Marking the public holiday of Democracy Day, which honors the restoration of democracy in Nigeria for the last 15 years, President Goodluck Jonathan (pictured) vowed to wage a “total war” against Islamic terrorist sect Boko Haram in Thursday’s televised speech.
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After commiserating with the parents of the missing girls of Chibok, President Jonathan made the declaration that he would use “any means necessary” to rid his nation of the “thugs” that threaten Nigerian’s democracy:
“It is now 45 days since the horrifying abduction of the college girls of Chibok. I share the deep pain and anxiety of their parents and guardians and I assure them once again that government will continue to do everything possible to bring our daughters home.
“I am determined to protect our democracy, our national unity and our political stability, by waging a total war against terrorism. The unity and stability of our country, and the protection of lives and property are non-negotiable. I have instructed our security forces to launch a full-scale operation to put an end to the impunity of terrorists on our soil.
“I have also authorized the security forces to use any means necessary under the law to ensure that this is done. I assure you that Nigeria will be safe again, and that these thugs will be driven away – it will not happen overnight, but we will spare no effort to achieve this goal.”
Even though President Jonathan’s words were combative, he still extended an olive branch to terrorists who wished to be reintegrated into society and acknowledged the sect’s relationship with Al Qaeda:
“For our citizens who have joined hands with Al Qaeda and international terrorists in the misguided belief that violence can possibly solve their problems, our doors remain open to them for dialogue and reconciliation, if they renounce terrorism and embrace peace.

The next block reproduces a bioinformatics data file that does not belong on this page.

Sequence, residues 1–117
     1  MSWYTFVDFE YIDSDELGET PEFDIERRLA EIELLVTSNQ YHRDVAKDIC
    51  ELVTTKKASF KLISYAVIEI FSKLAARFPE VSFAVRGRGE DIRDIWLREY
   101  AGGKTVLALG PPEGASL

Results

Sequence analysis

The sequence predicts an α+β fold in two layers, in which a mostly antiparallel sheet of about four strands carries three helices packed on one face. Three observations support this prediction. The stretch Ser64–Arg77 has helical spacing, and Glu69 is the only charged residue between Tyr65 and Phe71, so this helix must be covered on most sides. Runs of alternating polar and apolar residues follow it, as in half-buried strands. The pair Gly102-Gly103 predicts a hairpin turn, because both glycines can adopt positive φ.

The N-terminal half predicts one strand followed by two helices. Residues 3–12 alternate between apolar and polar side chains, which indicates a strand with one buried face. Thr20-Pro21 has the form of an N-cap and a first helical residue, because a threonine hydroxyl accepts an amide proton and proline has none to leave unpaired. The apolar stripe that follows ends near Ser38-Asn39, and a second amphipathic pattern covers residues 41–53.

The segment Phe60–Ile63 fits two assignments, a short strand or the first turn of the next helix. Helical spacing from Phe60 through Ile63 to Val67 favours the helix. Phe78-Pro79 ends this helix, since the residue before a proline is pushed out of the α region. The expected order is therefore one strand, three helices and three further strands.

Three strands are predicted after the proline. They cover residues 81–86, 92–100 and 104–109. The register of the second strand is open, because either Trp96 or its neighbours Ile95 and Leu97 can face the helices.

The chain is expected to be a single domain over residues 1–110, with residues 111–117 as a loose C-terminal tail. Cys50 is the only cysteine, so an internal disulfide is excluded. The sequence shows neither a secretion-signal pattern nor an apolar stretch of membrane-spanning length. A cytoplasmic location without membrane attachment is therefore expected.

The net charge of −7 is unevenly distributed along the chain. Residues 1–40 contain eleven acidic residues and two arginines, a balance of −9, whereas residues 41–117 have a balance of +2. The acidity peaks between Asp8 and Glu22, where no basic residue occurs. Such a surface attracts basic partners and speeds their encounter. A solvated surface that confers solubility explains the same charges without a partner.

“My government, while pursuing security measures, will explore all options, including readiness to accept unconditional renunciation of violence by insurgents, and to ensure their de-radicalization, rehabilitation and re-integration into the broader society.”
The embattled President ultimately ended his message with a call to all Nigerians — whether rich or poor — to unite against the terrorism that threatens all, “We must remain united to win the war against terrorism. Christians, Muslims, farmers, fishermen, herdsmen, teachers, lawyers, clergy or clerics, the rich, the poor, and Nigerians from all sections of the country must work together with our security agencies and armed forces to overcome the terrorists who now threaten all that we hold dear.”
Since April 14th, which saw the capital of Nigeria, Abuja, bombed and the girls of Chibok’s Government Secondary School kidnapped, Nigeria hasn’t seen any peace. Daily attacks, involving shootings, the aforesaid bombings, hand-thrown grenades, and rocket launchers have been unleashed on the local population of Borno, Yobe, and Adamawa states.
And even though the international community, including the United States, France, China, the United Kingdom, and the European Union in addition to Cameroon, Chad, and Benin have all pledged resources and manpower in order to either retrieve the missing students and/or suppress terrorism, it appears that the majority of those efforts have been foiled.
So far, the only indication that progress has been made came with Nigerian official Alex Badeh revealing earlier this week that the government had located the students. Badeh’s auspicious proclamation, though, was swiftly downsized once he also announced that Nigeria wasn’t in a position — given the sensitive nature of the retrieval mission — to return the girls to their families at this time.